The New York Times reports about an innovative smoke detector:
Matthew Ferris, 27, and Bruce Black, 29, were in a master’s of business program at the University of Georgia, when they heard about a patent for a talking smoke detector.
Children can sleep through almost anything, including very loud fire alarms, but Mr. Ferris and Mr. Black decided that what they called the cocktail party effect – that a person’s own name or a familiar voice cuts through a haze of chatter – might penetrate the deeper sleep cycles of children.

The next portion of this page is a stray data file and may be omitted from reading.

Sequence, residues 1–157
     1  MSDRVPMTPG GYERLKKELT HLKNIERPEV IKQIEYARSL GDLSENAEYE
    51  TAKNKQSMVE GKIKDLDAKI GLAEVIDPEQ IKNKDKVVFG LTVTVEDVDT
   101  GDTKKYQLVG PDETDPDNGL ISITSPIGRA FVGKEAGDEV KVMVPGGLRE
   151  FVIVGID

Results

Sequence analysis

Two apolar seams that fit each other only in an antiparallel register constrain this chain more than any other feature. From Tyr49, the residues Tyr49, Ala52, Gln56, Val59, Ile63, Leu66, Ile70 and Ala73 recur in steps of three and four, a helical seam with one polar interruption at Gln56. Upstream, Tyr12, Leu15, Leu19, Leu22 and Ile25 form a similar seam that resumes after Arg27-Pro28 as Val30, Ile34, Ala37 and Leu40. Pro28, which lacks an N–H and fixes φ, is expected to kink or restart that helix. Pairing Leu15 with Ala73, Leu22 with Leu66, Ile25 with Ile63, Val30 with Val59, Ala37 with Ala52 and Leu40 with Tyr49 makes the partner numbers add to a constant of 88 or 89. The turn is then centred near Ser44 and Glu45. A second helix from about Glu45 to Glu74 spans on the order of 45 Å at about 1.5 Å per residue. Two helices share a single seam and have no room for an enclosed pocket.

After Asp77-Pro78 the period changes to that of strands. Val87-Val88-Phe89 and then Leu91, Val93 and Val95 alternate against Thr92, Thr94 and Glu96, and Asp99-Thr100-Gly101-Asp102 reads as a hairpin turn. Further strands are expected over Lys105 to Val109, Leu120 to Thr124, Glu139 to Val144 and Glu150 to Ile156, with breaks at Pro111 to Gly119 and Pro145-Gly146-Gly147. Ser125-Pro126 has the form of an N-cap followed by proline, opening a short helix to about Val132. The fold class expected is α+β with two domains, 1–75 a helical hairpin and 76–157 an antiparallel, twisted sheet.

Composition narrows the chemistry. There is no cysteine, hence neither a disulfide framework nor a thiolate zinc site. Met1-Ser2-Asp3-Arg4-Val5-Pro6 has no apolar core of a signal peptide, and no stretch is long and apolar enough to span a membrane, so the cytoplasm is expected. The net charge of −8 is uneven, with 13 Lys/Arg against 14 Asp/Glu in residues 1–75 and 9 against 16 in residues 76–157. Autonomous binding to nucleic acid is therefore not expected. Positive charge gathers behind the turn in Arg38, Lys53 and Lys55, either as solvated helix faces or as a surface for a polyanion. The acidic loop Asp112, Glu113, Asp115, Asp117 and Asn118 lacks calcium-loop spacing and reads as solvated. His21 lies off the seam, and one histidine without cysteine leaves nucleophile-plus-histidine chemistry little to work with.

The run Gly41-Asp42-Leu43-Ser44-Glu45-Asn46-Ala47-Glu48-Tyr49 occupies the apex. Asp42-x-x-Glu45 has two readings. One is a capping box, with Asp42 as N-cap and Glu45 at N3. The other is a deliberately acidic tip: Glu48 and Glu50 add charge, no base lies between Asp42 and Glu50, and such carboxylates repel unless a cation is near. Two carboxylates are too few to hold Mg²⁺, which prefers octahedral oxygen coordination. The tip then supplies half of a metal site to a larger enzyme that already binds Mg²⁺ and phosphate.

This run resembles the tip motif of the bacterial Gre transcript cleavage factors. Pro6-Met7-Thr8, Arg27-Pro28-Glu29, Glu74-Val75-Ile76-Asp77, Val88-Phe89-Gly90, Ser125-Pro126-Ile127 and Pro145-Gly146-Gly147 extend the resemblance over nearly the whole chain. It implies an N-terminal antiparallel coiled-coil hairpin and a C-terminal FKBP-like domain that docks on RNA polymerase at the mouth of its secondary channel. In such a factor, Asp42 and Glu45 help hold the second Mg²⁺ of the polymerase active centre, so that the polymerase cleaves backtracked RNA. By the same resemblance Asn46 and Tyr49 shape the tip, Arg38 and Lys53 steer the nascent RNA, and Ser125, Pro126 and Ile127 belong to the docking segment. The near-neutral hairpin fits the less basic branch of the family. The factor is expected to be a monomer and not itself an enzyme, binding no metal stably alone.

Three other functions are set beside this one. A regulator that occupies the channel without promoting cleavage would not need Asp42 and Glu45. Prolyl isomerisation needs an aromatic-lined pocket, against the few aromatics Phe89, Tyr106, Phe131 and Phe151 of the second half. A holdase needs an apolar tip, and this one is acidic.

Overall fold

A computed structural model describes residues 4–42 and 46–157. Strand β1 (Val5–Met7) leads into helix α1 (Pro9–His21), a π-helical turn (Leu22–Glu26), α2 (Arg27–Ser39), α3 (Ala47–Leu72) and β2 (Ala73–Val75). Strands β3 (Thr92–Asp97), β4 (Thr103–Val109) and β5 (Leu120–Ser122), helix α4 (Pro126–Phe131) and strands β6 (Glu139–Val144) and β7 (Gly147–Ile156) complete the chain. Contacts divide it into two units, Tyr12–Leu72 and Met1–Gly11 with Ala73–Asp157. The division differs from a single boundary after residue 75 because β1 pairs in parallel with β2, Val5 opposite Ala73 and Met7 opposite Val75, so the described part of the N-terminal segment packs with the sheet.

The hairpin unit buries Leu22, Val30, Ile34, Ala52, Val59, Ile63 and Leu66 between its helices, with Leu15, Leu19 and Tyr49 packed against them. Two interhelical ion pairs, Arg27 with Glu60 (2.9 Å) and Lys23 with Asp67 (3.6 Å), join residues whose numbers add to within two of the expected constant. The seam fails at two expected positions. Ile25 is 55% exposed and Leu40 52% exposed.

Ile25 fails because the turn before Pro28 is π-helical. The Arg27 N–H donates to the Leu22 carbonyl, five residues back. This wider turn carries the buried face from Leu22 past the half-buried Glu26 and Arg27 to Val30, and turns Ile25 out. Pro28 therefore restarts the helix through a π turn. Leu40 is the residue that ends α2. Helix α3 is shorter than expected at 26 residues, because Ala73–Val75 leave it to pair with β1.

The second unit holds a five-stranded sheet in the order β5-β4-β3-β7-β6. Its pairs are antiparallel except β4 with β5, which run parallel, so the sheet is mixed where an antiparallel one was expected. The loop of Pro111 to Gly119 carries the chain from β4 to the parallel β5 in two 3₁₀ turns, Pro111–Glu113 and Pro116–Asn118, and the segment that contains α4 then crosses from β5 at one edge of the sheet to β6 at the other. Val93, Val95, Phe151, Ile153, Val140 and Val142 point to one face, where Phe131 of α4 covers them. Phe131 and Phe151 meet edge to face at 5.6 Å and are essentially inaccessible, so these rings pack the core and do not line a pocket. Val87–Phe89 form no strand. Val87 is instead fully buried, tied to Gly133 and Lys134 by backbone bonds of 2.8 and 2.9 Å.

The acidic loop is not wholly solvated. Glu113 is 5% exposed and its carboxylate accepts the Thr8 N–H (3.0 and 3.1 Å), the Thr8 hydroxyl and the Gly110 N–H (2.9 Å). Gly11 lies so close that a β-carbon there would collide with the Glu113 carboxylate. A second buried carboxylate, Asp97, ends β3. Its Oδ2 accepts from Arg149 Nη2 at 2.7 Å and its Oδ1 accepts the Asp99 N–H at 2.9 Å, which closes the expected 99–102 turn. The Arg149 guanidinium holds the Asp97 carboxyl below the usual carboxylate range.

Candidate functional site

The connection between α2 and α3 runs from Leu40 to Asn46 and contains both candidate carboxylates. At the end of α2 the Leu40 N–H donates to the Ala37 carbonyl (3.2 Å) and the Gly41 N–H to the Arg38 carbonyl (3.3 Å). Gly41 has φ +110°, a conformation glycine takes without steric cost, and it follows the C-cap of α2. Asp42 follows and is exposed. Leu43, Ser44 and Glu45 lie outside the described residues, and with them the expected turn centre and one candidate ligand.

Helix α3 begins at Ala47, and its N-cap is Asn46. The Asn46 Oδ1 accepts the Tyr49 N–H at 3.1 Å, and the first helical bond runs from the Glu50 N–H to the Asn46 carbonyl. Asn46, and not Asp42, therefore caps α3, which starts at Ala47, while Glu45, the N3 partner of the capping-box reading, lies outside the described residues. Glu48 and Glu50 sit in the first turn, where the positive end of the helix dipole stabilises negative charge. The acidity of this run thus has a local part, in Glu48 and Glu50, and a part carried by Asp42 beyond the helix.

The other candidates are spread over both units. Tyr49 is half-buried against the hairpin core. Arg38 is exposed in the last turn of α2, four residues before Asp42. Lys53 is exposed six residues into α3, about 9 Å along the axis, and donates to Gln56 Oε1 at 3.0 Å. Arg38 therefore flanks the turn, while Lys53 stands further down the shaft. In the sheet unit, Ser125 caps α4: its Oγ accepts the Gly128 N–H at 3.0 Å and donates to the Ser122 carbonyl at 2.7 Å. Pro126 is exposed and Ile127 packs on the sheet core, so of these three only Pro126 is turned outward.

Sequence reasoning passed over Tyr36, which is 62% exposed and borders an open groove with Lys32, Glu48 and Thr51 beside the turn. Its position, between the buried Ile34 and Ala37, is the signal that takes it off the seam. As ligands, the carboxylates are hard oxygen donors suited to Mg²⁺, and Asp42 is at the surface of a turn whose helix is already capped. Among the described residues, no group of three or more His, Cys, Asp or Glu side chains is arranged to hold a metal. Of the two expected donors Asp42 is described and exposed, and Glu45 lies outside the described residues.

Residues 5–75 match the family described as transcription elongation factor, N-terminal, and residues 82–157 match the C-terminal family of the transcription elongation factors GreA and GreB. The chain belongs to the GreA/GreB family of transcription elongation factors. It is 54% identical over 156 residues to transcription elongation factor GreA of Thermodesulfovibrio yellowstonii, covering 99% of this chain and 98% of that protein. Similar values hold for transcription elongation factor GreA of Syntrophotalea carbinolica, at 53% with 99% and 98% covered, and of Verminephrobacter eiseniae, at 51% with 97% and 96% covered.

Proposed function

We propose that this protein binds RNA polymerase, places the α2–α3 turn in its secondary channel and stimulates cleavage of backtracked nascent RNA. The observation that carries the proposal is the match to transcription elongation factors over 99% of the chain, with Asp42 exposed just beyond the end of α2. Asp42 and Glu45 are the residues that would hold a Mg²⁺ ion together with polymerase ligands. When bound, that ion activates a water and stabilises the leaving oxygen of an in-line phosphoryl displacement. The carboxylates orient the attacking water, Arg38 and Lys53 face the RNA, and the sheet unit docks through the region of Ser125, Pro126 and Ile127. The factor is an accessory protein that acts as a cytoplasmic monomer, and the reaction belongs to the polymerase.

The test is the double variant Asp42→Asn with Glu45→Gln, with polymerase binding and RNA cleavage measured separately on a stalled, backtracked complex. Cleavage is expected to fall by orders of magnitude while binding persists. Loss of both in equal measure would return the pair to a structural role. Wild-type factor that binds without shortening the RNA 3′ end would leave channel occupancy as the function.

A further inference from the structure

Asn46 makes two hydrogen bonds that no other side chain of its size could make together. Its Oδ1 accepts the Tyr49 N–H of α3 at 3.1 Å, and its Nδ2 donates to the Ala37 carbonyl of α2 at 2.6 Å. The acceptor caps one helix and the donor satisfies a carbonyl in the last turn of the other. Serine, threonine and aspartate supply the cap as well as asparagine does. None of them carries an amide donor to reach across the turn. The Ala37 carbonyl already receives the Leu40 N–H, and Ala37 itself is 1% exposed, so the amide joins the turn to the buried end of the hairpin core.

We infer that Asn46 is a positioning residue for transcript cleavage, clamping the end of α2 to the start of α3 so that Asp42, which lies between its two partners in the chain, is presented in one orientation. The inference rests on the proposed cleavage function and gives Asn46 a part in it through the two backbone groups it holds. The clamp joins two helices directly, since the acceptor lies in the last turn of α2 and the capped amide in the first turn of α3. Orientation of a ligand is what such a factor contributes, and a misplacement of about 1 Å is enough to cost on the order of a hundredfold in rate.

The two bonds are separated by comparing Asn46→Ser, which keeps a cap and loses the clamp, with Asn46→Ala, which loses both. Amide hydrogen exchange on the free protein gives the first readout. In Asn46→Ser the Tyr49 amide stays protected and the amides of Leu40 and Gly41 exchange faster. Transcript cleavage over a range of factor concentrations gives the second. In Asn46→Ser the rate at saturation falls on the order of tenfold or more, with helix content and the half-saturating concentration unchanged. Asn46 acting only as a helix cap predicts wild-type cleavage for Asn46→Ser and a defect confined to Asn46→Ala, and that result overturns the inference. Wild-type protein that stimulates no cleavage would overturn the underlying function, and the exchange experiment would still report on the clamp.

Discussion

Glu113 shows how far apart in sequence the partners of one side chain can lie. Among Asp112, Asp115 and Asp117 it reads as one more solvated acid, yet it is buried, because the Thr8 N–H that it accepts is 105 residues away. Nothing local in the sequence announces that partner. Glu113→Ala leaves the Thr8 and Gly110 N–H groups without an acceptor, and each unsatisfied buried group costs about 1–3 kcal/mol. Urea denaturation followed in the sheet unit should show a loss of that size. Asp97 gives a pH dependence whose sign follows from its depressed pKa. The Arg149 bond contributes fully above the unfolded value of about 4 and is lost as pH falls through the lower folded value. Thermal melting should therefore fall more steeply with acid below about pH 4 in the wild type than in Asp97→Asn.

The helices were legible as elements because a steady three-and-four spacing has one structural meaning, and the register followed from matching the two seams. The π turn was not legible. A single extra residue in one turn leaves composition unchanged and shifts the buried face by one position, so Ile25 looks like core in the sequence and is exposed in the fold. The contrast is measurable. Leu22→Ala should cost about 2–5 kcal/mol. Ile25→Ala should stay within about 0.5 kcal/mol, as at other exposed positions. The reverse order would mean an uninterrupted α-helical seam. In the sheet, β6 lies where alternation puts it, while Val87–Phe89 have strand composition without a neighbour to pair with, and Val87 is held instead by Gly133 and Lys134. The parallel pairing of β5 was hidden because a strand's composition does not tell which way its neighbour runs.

As the pair polished the idea, they won regional competitions pitting business plans against one another. They also won a national contest; the grand prize was a $100,000 equity investment. Last November, they got their first marketable detectors, ready for sale at $69.95. After making the rounds of trade shows and fire conventions, they set up a small booth in an out-of-the-way spot at the electronics show. As a result, in the first quarter of this year, they will ship at least 25,000 KidSmart Vocal Smoke Detectors to about 30 clients.